Now that was a really interesting election day. Not your usual nudge one way or another, or the media trying desperately to build something entirely predictable into a news story. It was a genuine story. And top line by some distance was the dramatic surge in support for Ukip. The South Shields result had been seen before. But to win around 25% of the vote in local elections across England was some result. This blog is never knowingly churlish so first up must be congratulations to Nigel Farage on the success of his party. Certainly there's probably an element of 'plague on all your houses' in this 25%, but that was some plague. And it may be that this will (to some extent at least) become a continuing feature of British politics. I hear the sound of rethinking across the British political firmament. Luckily, I've always adopted a policy of being friendly and generous to Ukip. In Montgomeryshire, Ukip stalwart, the late David Rowlands was a very good friend.
It was not a good night for the three mainstream parties - though the Conservatives certainly did no worse than expected. The seats being contested yesterday were last fought in 2009, when Gordon Brown and Labour were deeply unpopular. And its also usual that governing parties taking through unpopular policies (no matter how necessary) take a mid-term hit in popularity. But we still lost well over 300 council seats and came a poor third in the South Shields By-Election. No good pretending it was a great result.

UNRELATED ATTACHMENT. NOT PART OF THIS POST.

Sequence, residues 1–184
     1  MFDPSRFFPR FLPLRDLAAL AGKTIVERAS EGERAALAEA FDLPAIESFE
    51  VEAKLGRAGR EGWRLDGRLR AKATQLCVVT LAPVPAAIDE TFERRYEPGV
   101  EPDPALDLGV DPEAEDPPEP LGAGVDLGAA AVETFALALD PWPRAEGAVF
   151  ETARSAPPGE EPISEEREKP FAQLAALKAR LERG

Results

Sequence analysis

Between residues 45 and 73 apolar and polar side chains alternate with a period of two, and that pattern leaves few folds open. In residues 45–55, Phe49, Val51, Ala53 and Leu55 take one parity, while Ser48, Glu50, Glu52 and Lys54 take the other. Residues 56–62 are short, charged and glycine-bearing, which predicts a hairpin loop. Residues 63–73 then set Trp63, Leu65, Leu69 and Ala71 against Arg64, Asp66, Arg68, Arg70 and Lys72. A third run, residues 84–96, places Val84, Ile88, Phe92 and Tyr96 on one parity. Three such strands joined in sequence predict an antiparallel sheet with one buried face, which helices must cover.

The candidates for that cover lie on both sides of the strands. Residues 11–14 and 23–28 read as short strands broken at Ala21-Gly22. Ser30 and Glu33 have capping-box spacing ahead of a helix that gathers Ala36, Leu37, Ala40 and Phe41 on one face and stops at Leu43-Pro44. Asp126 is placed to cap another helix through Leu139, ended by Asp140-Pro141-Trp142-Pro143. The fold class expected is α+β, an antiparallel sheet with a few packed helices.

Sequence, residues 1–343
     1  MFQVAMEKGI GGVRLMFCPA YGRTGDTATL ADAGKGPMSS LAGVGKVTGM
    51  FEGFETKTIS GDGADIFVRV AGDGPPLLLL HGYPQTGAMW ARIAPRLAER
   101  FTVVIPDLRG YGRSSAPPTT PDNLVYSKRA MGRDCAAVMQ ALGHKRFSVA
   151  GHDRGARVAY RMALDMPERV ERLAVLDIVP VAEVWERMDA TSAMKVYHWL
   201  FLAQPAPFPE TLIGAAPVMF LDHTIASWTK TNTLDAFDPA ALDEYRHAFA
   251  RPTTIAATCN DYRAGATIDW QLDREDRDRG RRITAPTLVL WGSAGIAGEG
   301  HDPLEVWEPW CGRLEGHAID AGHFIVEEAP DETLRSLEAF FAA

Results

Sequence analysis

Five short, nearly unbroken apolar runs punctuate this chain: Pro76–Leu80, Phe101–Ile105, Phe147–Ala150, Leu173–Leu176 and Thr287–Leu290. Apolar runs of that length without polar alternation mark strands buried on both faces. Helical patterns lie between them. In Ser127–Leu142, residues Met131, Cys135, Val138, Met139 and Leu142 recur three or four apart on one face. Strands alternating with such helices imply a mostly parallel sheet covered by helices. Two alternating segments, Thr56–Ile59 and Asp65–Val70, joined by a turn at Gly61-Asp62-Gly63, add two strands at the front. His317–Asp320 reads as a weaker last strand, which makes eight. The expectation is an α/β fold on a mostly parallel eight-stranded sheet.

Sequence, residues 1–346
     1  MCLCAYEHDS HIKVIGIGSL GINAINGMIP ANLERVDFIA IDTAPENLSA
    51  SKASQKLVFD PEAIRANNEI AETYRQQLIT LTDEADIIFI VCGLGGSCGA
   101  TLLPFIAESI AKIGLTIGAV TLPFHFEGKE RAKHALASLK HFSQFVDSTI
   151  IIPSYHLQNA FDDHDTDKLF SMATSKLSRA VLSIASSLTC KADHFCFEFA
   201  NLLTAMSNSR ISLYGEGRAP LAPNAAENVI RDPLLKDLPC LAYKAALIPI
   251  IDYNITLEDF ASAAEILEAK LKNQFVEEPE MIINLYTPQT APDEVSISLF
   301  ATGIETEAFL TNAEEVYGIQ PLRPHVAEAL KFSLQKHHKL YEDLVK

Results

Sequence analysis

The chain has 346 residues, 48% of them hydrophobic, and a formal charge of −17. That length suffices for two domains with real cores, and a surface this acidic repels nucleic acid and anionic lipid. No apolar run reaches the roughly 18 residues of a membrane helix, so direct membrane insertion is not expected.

Nor was it a good night for Labour. Despite its desperate performance in the 2009 election it made only modest gains - certainly less than commentators expected. Historical precedent tells us that yesterday's performance was not remotely good enough to anticipate victory in 2015. I suspect there will be more head scratching in Labour HQ tonight than in Tory HQ.
So too the Lib Dems. It lost over 12% of its vote compared to 2009, which was not good at all. And its performance in the South Shields By-Election was stunningly awful. Lib Dems are like ink stains where they are settled into constituencies. They take some shifting. But it was a very inconsistent result. On balance, I think this was the poorest performance of the day.
There is going to have to be some serious thinking about why there was such support for Ukip - and how to win our voters back. I was interested to hear Nigel Farage cite onshore wind farms as his first comment on Radio 4 after the 5.00 News. That would count big-time in mid Wales. I am a countryman, and no-one would ever describe me as part of any metropolitan elite - and I can see that Nigel Farage is aiming his appeal in my direction. As a general comment, I think my party should try to be attractive to me and my kind - a natural Conservative constituency.